The past few posts here at the Monitor have been devoted to expert issues, so why not keep the streak alive, albeit with a twist? We wanted to call your attention to a recent ruling out of the Eastern District of Michigan in which the court excluded an expert and rebuked counsel for its role in drafting the expert’s report. See Numatics, Inc. v. Balluff, Inc., No. 2-13-cv-11049, 2014 WL 7211167, at *7 (E.D. Mich. Dec. 16, 2014) (Lawson, J.). The case serves as a cautionary tale, reminding counsel to heed the letter and intent of the Federal Rules when working with experts.
First, some background. The plaintiff, Numatics, Inc., filed a patent infringement suit against Balluff, Inc. and H.H. Barnum Company alleging infringement of a patent on a system intended to control the opening and closing of hydraulic and pneumatic valves. The defendants retained a technical expert to provide opinion testimony in support of their invalidity defenses. The expert submitted a report in which he asserted that the claims in the Plaintiff’s patent were obvious in light of various prior art references. The plaintiff responded by, inter alia, moving to exclude the expert’s report, asserting that it had been drafted by defense counsel. In an astounding move, defense counsel conceded that they drafted the expert’s report. Perhaps not surprisingly, things went downhill from there.
On the bright side, the court found the expert to be competent in the field of the asserted patent. That victory, however, was Pyrrhic, because the court also concluded that the expert “had surrendered his role to defense counsel, and that is not how the adversary process works.” Id. at *4. As the court noted, Rule 26 of the FRCP states that expert testimony “must be accompanied by a written report––prepared and signed by the witness.” Id. at *5 (quoting Fed. R. Civ. P. 26(a)(2)(B)) (emphasis in original). The court further stated that even though an expert may not grasp all the required components of an expert report, it is impermissible under Rule 26 for counsel to draft the expert’s report and then ask the expert to sign it. Dispensing with the usual judicial pleasantries, the court labeled the defendants’ expert a “highly qualified puppet,” faulting him for spending just eight hours reviewing his report before signing his name. The court also assailed the expert for taking only two or three hours to purportedly review 2,600 pages of deposition transcripts, and for spending less than 30 hours developing his opinions, nearly half of which were spent traveling for the case. The coup de grace (beyond counsel’s admitted ghost writing), though, was the court’s observation that the expert’s report was identical to invalidity contentions disclosed by the defendant several months before the expert signed his report. The court thus concluded that the defendants had violated Rule 26 and Rule 37 required excluding the expert from the case.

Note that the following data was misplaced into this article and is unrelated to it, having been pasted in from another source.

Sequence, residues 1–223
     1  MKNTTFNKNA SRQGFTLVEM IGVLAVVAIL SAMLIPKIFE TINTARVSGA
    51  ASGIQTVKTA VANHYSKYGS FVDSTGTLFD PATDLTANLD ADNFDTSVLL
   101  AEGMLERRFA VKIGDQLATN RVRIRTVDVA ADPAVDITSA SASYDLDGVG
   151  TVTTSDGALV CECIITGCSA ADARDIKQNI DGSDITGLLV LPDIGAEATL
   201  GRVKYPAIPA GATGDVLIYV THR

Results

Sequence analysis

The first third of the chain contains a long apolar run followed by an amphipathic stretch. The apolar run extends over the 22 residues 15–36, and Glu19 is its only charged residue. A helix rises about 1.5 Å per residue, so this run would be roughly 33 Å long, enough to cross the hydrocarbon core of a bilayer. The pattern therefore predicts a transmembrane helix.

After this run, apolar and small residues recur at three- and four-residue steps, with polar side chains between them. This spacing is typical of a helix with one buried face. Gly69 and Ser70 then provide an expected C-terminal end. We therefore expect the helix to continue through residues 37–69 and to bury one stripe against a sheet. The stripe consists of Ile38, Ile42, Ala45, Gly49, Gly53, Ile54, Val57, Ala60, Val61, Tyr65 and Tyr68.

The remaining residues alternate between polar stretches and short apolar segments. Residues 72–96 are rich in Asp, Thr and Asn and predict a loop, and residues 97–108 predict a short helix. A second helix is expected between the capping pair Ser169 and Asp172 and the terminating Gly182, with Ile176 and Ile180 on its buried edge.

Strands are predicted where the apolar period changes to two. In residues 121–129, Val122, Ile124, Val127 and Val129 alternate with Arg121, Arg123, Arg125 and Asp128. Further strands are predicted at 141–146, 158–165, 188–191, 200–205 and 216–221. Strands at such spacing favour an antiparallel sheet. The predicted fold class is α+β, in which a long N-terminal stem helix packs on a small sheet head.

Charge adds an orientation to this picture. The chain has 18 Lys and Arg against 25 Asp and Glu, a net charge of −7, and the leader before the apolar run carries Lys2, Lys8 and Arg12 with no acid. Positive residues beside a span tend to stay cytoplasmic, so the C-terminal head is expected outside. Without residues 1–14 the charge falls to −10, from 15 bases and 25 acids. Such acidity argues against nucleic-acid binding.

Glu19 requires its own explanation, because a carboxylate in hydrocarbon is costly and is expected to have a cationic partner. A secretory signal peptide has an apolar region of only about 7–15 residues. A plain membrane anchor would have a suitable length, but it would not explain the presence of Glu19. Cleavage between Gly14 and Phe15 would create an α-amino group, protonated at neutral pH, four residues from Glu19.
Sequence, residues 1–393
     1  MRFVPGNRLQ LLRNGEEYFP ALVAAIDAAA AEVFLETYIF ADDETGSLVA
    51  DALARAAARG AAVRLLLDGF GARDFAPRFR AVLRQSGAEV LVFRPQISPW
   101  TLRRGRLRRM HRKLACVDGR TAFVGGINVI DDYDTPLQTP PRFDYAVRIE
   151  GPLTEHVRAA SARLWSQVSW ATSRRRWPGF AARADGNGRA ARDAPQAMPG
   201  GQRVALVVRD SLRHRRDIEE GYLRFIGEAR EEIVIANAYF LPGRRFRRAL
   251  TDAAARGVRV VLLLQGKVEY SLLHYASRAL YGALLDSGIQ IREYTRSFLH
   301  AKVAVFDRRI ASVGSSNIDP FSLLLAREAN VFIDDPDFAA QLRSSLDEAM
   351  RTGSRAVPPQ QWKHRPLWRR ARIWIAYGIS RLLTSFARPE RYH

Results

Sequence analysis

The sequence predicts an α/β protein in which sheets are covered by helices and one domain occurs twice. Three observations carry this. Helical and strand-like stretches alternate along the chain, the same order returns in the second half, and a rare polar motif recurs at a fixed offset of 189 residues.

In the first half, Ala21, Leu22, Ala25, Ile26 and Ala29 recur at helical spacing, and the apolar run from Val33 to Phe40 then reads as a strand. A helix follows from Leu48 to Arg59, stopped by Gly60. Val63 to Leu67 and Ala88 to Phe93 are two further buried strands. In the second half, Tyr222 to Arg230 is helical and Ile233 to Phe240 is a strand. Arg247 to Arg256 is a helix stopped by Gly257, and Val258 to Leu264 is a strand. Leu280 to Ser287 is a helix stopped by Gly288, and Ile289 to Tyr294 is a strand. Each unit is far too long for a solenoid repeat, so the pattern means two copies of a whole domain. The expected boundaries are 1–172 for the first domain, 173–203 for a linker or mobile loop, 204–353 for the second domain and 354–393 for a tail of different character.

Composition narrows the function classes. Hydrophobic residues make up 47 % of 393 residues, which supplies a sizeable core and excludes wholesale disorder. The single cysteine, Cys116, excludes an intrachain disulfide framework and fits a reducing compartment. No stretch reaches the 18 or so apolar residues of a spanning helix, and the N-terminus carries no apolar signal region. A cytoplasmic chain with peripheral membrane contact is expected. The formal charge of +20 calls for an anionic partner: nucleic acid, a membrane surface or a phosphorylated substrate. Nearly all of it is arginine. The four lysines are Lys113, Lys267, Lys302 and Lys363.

This may be a good time for some takeaway lessons. Numatics is a reminder that counsel should educate the expert about, and be mindful of, the strictures of Rule 26. In particular, counsel must remember that he or she is allowed to assist the expert in the fine tuning of his or her report, but may not take a significant role in drafting the report. The report must reflect the expert’s own thoughts and opinions. Counsel should also explain to the expert the importance of properly documenting time spent reviewing materials and preparing the report. The expert should understand that time entries may be scrutinized as evidence of the amount of effort that he/she has devoted to the report.
Our suggestions may seem rudimentary and self-evident. Numatics, however, suggests that it’s never a bad time for practitioners to refresh their memory about the basics.